When people are talking about BBQ over a beer or some sweet tea (I prefer the unsweetened) they generally refer to the four corners of the BBQ world: North Carolina, Memphis, Texas, and Kansas City. The thing is, many other states stand proud to their BBQ tradition. One state in particular is Kentucky and when I bring up Kentucky it’s more often than not that people tell me I should try Moonlite Bar-B-Q Inn in Owensboro. They say it’s a tradition to stop in during this first weekend of May during the Kentucky Derby festivities, but since that’s passed, you’re in luck as next weekend is the International Bar-B-Q Festival in Owensboro, Kentucky.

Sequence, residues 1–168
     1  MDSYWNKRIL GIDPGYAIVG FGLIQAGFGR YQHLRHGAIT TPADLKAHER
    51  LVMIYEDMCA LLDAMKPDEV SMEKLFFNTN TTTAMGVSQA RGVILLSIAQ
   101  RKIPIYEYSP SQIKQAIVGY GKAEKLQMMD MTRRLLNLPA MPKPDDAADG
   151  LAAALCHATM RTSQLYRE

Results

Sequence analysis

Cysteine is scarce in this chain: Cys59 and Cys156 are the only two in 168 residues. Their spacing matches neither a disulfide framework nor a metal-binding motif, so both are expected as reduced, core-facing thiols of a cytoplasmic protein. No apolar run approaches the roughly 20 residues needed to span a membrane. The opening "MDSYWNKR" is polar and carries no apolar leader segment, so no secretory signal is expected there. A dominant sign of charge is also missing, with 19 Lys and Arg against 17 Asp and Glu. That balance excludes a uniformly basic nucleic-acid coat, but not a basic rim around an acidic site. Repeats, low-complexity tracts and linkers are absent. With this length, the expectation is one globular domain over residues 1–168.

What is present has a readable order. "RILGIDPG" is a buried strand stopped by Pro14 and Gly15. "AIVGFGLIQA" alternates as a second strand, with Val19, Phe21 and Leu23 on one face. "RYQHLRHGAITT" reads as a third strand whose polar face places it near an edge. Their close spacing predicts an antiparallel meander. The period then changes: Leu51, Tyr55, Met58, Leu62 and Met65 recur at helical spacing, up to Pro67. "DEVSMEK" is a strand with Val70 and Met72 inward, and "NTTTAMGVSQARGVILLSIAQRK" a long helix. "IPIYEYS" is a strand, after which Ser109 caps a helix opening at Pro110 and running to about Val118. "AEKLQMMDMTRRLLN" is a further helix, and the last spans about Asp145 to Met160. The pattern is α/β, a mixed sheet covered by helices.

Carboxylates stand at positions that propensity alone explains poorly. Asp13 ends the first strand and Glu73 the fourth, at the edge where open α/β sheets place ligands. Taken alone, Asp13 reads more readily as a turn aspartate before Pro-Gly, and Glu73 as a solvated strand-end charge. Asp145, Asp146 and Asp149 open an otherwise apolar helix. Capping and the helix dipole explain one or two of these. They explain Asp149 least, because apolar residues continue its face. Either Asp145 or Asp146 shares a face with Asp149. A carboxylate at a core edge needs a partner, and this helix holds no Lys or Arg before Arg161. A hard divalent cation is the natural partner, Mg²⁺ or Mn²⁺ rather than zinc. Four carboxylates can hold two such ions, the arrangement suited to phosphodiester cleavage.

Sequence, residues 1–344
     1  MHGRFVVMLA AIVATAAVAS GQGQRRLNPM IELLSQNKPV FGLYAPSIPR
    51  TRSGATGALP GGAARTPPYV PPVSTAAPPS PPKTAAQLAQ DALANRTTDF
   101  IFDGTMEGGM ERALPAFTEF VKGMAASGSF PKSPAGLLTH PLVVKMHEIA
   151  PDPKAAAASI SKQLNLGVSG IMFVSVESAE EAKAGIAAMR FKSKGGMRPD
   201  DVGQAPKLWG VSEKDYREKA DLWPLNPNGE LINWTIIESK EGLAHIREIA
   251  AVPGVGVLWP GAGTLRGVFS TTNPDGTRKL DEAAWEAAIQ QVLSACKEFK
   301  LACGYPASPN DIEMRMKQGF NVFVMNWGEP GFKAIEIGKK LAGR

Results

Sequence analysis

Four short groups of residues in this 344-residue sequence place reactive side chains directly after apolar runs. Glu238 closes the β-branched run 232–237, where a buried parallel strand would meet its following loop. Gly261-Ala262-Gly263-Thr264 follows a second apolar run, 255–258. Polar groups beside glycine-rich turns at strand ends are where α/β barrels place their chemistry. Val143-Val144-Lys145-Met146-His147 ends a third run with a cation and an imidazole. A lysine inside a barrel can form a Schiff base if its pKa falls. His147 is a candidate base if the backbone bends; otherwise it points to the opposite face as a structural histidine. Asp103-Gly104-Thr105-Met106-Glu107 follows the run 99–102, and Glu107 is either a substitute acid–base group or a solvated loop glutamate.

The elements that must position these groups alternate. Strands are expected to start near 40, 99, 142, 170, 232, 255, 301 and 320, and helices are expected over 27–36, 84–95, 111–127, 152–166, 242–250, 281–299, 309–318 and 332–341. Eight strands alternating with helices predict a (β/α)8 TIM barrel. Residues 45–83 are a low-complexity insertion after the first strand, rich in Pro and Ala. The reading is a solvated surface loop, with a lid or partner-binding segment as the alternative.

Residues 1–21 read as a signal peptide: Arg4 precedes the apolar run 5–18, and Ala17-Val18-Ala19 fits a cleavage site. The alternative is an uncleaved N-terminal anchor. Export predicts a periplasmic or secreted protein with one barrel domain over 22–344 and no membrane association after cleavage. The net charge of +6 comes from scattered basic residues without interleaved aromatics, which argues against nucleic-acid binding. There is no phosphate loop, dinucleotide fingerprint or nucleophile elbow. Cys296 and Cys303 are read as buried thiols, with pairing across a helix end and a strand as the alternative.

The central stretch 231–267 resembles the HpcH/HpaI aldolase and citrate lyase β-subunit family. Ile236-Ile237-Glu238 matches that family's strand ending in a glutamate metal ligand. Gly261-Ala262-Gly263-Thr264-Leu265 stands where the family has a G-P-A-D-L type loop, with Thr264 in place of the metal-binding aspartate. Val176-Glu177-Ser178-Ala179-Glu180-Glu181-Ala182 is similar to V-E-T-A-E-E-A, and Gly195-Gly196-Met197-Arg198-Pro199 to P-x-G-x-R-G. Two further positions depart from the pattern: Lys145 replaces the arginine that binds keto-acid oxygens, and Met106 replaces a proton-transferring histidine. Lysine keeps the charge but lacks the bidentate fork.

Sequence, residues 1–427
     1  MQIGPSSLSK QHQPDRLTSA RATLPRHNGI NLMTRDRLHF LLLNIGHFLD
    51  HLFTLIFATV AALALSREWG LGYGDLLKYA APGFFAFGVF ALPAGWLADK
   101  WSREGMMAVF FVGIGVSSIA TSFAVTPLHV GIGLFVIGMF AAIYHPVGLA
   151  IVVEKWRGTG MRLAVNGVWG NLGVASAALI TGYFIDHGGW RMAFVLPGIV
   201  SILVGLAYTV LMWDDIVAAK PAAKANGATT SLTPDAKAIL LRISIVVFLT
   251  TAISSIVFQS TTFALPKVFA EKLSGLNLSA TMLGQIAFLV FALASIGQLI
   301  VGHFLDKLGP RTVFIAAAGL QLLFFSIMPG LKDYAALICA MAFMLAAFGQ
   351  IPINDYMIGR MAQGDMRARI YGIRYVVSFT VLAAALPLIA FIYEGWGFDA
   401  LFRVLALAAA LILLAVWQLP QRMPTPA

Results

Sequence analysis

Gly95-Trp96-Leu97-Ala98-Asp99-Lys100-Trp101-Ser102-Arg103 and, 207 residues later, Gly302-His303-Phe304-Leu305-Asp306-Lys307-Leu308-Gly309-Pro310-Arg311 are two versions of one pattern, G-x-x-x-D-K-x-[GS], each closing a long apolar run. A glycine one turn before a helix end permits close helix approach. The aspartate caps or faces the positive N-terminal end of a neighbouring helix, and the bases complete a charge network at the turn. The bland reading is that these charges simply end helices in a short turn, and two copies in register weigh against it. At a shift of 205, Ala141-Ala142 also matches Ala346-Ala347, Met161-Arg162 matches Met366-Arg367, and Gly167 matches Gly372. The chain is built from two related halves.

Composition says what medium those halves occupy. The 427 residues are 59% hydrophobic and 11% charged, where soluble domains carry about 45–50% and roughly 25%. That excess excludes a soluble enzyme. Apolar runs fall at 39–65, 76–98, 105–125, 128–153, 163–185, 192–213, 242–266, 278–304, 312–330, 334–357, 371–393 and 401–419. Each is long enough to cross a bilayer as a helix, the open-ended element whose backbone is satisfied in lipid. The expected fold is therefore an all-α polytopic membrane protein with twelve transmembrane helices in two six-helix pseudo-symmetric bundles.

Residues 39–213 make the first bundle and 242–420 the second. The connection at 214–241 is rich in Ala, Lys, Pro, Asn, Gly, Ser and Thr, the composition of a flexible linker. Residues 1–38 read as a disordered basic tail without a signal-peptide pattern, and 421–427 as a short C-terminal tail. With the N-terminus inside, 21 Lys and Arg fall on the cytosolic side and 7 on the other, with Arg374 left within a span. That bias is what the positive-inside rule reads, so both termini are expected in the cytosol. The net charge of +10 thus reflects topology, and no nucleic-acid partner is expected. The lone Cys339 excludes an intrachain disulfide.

They slow cook their meats over hickory in their custom built pits, which isn’t completely original, but one thing they do cook that you don’t find everywhere is mutton:
Mut·ton (mut´’n) n. [ME. moton < OFr. moton, a ram, < ML. multo, sheep, prob. of Celt. orgin as in W. mollt, Ir. molt] 1. the flesh of a sheep, esp. a grown sheep, used as food 2. [Rare] a sheep — mut´ ton·y adj.
They also serve up an Owensboro’s specialty called burgoo which ‘is a hearty soup made from mutton, chicken, and a variety of vegetables. No two cooks prepare it the same way and most keep their recipes a closely guarded secret’.
So if you’re in Owensboro and you like BBQ, there’s really no reason you shouldn’t head right over. Let me know what you think.